Hip Surface Piercing: Healing Tips With Pictures and Videos
Hip Piercings Are Often Rejected
Sometimes, no matter how you care for your new surface piercing, your body may still reject it. Surface piercings often turn out to be temporary. In many cases, keeping this type of piercing for one or two years is a great feat.
When the body rejects a piercing, it basically spits it out like a splinter. The body finds it easier to push out the foreign object (in this case, jewelry) than it does to heal the skin around the object.
Surface piercings are prone to rejection, as are belly-button piercings and eyebrow piercings. The rejection rate of a type of piercing depends on the placement of the piercing, the blood flow in that area, and any irritation or abuse the piercing suffers. The rejection rate for these piercings on the hips is high, because the hips are a very high-contact, high-motion area, where a new piercing can get irritated.
In order to increase the odds of a surface piercing turning out to be permanent, follow proper aftercare, as described below.
Examples of Surface Piercings Being RejectedClick thumbnail to view full-size
The video below shows a rejected hip piercing hanging by a thread, about to fall out, leaving behind a scar.
Choose the Right Type of Jewelry
When getting a hip surface piercing, it's very important to use proper jewelry. The right jewelry helps the piercing last longer with fewer risks.
- Proper jewelry includes Tygon (PTFE, a non-reactive plastic) and surface (staple) barbells.
- Improper jewelry includes CBRs, banana barbells, and straight barbells.
Tygon and surface barbells reduce the risk of migration and rejection by creating less tension and stress on the tissues, which should reduce the risk that the body will try to push out the jewelry.
Healing a Hip Piercing
When healing a hip surface piercing, you want to be very cautious. Your hips and pelvic area experience a lot of bending, friction from clothes, and overall activity, which makes the area a high-contact area. Because surface piercings on the hips have a high rejection and migration rate, proper aftercare is a must.
You can increase the chances of keeping the piercing longer if you properly care for the piercing. You'll find that there are many different aftercare tips for piercings. It's a matter of which one you want to follow.
How to Clean Your Piercing
Many piercers recommend using antibacterial soap, such as Dial, but in my experience, Dial soap can irritate a piercing, especially if you don't properly flush the soap out and it leaves a residue around the piercing where it can irritate it.
The easiest way to clean a piercing is to use either pre-mixed saline solution or a solution of non-iodized sea salt. Saline, to me, is the easiest. If you use sea salt, mix 8 ounces of warm water with 1/4 teaspoon of non-iodized sea salt (not table salt).
- Pour the saline or the sea salt solution into a disposable cup (the small, bathroom dixie cups work great).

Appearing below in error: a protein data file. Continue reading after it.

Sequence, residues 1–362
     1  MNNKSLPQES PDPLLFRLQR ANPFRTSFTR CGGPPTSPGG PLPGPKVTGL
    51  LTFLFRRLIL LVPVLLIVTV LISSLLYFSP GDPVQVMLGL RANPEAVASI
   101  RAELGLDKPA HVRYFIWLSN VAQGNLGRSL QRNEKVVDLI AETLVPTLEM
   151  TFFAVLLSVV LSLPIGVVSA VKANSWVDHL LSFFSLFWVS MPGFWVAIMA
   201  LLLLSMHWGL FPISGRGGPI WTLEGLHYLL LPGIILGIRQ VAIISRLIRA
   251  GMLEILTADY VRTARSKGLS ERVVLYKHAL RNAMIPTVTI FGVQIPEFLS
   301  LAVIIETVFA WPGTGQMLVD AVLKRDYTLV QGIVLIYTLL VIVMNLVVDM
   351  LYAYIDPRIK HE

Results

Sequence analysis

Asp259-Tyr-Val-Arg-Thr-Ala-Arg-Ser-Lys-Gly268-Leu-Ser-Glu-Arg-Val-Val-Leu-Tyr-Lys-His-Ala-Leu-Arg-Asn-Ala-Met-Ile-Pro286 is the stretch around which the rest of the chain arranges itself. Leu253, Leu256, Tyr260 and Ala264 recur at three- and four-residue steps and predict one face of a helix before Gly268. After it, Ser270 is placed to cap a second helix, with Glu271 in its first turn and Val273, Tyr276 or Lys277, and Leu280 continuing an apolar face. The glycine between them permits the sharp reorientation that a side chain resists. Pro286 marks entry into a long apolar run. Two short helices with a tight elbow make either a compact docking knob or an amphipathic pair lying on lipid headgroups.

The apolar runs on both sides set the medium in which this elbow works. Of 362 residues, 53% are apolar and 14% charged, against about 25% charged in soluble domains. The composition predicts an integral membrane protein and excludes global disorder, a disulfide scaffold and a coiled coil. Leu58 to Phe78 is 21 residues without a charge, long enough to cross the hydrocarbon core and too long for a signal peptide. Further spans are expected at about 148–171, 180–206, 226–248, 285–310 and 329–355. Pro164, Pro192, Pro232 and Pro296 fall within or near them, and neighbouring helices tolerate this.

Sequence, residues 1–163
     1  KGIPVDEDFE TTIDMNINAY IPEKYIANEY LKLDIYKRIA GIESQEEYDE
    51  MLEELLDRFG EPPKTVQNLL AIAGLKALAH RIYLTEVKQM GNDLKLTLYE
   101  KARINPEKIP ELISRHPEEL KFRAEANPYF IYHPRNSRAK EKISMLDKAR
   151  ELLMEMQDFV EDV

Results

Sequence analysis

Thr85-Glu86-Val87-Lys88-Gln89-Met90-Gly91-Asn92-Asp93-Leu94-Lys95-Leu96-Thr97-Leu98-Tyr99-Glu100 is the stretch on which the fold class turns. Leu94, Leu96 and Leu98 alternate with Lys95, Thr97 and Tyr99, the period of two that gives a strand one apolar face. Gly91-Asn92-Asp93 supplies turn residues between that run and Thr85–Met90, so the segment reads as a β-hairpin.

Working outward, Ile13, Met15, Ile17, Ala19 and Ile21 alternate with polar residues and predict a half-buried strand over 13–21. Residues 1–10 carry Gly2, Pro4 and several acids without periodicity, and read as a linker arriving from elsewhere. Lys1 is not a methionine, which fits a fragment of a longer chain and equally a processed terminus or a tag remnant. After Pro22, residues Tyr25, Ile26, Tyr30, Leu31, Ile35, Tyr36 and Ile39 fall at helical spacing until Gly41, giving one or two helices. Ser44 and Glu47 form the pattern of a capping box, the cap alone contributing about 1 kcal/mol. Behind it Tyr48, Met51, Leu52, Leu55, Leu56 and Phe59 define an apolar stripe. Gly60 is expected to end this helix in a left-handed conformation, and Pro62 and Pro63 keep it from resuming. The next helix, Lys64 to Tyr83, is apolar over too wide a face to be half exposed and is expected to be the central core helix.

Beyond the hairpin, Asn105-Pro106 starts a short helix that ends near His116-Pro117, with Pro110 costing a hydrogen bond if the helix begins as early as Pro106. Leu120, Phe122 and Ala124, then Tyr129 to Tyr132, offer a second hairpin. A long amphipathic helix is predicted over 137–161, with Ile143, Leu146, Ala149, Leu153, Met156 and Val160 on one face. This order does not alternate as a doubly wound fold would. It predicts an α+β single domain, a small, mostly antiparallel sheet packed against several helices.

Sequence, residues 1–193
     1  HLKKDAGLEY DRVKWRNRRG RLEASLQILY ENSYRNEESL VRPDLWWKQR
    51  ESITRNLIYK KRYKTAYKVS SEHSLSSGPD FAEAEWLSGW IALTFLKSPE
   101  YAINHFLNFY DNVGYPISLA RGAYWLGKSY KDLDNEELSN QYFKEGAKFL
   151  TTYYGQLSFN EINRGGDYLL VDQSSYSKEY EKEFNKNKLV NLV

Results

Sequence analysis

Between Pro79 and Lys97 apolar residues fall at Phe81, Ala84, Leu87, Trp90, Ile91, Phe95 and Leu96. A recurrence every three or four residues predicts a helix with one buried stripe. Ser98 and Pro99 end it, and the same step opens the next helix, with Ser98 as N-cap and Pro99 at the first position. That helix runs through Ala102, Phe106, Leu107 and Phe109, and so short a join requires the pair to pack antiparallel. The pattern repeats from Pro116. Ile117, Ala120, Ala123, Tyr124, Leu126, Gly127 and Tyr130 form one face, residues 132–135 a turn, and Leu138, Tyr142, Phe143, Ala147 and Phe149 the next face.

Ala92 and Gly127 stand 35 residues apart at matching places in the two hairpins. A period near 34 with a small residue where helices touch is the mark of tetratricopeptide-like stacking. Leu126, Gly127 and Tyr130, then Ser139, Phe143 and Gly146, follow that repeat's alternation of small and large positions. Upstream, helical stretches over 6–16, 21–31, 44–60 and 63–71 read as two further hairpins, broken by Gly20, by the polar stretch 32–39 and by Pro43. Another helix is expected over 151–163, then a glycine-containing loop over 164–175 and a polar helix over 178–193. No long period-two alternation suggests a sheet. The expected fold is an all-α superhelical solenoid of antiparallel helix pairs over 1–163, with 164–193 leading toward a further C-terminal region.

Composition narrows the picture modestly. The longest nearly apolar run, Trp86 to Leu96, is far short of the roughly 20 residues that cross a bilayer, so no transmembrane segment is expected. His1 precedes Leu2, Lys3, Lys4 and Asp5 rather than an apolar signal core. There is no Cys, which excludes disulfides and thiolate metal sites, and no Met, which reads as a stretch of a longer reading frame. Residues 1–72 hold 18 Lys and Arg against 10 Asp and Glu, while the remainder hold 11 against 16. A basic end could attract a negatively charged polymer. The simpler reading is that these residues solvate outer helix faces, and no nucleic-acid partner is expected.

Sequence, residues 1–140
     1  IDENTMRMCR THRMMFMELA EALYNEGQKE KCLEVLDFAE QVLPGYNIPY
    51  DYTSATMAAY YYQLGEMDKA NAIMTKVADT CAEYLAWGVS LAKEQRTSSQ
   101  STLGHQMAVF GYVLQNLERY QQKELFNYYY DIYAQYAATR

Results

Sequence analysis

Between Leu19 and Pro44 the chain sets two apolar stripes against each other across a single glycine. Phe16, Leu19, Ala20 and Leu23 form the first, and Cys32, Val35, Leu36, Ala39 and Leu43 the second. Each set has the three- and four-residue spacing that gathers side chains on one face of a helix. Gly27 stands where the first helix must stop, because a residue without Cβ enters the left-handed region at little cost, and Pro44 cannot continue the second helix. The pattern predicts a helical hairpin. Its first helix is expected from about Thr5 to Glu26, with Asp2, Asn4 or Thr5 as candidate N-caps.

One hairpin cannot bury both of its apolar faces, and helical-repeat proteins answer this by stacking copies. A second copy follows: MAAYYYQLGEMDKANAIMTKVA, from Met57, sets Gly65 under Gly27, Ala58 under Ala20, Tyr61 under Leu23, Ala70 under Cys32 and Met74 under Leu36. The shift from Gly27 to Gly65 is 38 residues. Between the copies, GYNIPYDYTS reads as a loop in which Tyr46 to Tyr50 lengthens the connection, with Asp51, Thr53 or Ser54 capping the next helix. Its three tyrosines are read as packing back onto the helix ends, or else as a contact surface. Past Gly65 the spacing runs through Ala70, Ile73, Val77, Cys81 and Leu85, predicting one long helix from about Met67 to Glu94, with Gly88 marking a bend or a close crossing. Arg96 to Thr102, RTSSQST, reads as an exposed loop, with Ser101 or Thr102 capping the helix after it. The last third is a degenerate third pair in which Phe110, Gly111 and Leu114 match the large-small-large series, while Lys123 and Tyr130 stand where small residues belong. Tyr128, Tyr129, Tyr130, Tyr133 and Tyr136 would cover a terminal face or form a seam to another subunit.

- Carefully bend over the cup so that you can flip the cup over onto the piercing.
- Soak the piercing for about 10 to 15 minutes.
How Often Should I Clean It?
You want to clean the piercing at least twice a day for the first few weeks, and then clean it at least once a day until the piercing is healed. Some claim that cleaning a surface piercing daily even after you think that it is healed is beneficial, as this type of piercing can be quite finicky.
If you feel discomfort during the day, you can spray the piercing with Simply Saline or Wound Wash Saline during the day. Soaking a new piercing as your regular cleaning will be good for it, as it cleans the outside and the inside of the piercing as the solution soaks through.
Just make sure to keep an eye out for migration, rejection, and irritation.
Photos of Hip PiercingsClick thumbnail to view full-size
The Piercing Process
If you decide to get a hip piercing, It's important to understand what you're getting into before you go through the process. Do keep in mind that microdermal implants are a nice alternative to surface piercings, and they typically last much longer. Below are videos of a hip surface piercing and a microdermal hip piercing.
Jewelry Is Too Big: Bound to Be Rejected
The video above shows a hip piercing in progress. But the jewelry is too large and is bound to be rejected.
Dermal Implant Hip Piercing
The video above shows a hip piercing using a different technique called dermal implants.
Other Types of Surface Piercing
In addition to hip piercings, other types of surface piercings are becoming very popular these days. With some exceptions, surface piercings can be done on any flat plane of the body.
Common surface piercings include:
- Anti-eyebrow piercing: under or beside the eye
- Corset piercing: a series of symmetrical piercings intended to be laced like a corset
- Nape piercing: on the back of the neck
- Neck piercing: on the side of the neck (may be referred to as "vampire bites")
- Madison piercing: horizontal piercing above the collarbone at the base of the neck
- Sternum piercing: on the sternum
- Stomach piercing: anywhere on the stomach, typically near the navel (may be referred to as a reverse belly-button piercing)
- Vertical tragus: in front of the ear, on the side of the face
- Wrist piercing: on or near the wrists, generally on the top side
All of these piercings are prone to rejection or migration. In many cases, if the jewelry isn't removed once rejection starts, scarring can develop.
This content is accurate and true to the best of the author’s knowledge and is not meant to substitute for formal and individualized advice from a qualified professional.